Retouching Rights: What Do Martha Stewart, O.J. Simpson, Dustin Hoffman, Ann Richards and Oprah Winfrey Have in Common?
Joshua J. Kaufman © 2005
What do Martha Stewart, O.J. Simpson, Dustin Hoffman, Ann Richards and Oprah Winfrey have in common? All have had photos of themselves doctored (not in necessarily a flattering way) and then found the doctored photo presented to the public where the alteration was not disclosed or authorized. What kind of artistic license is available in the use of a photograph or artwork? How much manipulation of a photo, an artwork, a trademark or a celebrity’s likeness by a licensee is permitted for inclusion in a licensed product without prior clearance from the licensor? In a well drafted license Agreement these questions could and should be covered. However, in many instances, if not most, this is an issue that easily falls between the cracks of a contract and probably is not an issue which had been discussed by and between the parties prior to signing the contract. It is very likely that the licensee representative who negotiated the contract had no clue that ultimately their art department would undertake modifications or distortions nor would anyone in the subsequent chain of creating the licensed goods, after the image was presented to them for incorporation in or on the product have any idea that an as part of the process that an earlier manipulation of the image had taken place.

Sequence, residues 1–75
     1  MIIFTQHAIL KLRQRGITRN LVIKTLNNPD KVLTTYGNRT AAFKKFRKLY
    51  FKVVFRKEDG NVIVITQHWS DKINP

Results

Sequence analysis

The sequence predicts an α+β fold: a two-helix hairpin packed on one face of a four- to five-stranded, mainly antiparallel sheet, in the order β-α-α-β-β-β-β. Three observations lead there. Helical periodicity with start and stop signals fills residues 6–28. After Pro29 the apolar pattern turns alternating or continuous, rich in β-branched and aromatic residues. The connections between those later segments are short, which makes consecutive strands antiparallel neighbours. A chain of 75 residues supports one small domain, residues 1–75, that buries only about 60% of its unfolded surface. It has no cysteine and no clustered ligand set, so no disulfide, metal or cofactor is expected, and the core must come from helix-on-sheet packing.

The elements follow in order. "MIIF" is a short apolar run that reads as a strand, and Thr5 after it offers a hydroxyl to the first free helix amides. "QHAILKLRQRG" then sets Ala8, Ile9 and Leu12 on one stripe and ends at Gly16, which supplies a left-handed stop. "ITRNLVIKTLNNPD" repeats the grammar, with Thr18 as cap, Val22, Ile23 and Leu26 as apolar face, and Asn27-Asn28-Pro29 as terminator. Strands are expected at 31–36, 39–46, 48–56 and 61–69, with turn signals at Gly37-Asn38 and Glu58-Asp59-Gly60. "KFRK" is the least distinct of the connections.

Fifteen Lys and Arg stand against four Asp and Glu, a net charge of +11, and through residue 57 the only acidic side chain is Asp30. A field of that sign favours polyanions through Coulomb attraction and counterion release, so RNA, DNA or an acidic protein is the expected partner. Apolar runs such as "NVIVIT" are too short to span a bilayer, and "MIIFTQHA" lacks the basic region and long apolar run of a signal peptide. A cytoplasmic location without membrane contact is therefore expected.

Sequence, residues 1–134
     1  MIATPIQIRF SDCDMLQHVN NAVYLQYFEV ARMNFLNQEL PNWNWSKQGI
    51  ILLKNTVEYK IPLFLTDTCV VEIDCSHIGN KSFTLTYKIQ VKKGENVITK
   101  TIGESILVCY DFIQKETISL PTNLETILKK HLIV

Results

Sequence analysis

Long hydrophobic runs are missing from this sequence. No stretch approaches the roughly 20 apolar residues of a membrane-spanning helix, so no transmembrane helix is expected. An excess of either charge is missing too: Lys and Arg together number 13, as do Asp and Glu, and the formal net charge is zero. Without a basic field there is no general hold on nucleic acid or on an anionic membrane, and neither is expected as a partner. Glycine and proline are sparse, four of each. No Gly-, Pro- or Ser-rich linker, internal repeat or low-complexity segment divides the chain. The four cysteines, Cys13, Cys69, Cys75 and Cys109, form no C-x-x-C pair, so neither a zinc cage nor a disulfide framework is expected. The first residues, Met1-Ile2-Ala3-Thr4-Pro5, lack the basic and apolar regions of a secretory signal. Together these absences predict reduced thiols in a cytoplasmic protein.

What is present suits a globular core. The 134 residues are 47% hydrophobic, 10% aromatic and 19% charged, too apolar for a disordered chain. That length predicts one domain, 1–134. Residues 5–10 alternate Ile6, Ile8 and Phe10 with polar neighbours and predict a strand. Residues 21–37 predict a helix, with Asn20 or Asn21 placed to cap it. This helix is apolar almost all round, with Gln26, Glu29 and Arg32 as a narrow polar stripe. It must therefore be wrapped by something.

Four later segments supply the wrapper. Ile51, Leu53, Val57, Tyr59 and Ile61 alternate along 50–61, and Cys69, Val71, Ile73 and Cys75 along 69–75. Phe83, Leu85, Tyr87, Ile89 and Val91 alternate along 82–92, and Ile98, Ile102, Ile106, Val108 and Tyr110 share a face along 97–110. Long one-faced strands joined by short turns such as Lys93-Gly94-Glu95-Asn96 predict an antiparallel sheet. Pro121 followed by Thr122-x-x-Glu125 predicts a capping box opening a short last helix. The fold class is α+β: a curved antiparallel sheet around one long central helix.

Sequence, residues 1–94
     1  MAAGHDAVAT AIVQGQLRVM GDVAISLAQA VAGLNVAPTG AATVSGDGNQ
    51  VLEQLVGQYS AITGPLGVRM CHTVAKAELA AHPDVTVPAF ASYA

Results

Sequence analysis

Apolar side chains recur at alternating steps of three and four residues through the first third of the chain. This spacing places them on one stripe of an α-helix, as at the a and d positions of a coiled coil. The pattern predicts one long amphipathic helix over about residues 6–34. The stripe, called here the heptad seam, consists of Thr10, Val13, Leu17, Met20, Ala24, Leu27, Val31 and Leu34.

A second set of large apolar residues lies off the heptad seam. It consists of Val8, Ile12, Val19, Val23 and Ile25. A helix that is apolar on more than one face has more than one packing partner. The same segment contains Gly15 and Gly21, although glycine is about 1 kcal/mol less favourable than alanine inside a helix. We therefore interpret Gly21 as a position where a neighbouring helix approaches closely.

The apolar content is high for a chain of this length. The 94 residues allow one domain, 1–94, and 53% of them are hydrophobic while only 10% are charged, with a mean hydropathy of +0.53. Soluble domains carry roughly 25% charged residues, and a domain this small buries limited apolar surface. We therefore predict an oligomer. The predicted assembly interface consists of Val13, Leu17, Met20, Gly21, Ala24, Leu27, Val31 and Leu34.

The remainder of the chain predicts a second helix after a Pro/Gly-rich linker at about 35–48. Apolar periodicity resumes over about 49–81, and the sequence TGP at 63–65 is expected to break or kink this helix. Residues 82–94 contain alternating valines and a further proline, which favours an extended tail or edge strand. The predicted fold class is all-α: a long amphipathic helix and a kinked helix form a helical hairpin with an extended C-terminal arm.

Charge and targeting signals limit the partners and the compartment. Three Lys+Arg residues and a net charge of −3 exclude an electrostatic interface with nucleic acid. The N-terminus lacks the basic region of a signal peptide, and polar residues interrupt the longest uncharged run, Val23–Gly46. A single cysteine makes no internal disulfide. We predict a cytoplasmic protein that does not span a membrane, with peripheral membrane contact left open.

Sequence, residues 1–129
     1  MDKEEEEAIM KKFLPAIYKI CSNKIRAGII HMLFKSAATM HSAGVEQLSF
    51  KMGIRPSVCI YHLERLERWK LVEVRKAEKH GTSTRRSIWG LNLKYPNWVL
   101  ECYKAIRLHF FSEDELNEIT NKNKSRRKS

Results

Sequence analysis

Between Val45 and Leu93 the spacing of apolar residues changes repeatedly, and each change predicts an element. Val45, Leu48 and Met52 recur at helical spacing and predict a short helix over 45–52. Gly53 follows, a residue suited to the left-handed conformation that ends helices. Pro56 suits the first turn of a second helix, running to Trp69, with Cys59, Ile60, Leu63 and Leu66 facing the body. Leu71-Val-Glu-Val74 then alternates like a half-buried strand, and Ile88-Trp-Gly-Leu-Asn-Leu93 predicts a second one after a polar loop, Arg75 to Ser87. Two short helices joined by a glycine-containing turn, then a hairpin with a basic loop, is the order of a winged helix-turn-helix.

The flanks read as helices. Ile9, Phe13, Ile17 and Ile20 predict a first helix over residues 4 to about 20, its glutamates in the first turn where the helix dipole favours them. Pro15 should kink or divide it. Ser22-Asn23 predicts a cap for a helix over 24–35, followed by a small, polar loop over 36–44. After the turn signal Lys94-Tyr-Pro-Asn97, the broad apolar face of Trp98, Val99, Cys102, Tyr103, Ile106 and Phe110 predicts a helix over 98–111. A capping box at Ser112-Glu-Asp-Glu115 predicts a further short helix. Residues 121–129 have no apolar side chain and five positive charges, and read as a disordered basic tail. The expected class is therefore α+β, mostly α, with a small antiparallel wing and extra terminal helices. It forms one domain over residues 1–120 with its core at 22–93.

There has been a great deal of both commentary and litigation in this area of law. The most recent episode dealt with a Newsweek magazine cover in which the magazine altered a photograph of Martha Stewart. It was unanimously condemned as a “major ethical breach” on the part of Newsweek but then Newsweek is involved in a different environment than a typical licensee or are they? When a magazine presents a photo, people are led to believe that it in fact is an accurate representation of a news fact. Do not people obtain a licensed product with an artwork, celebrity image or a trademark have that same expectation that what they see is in fact accurate and undoctored of the artwork, trademark or celebrity image?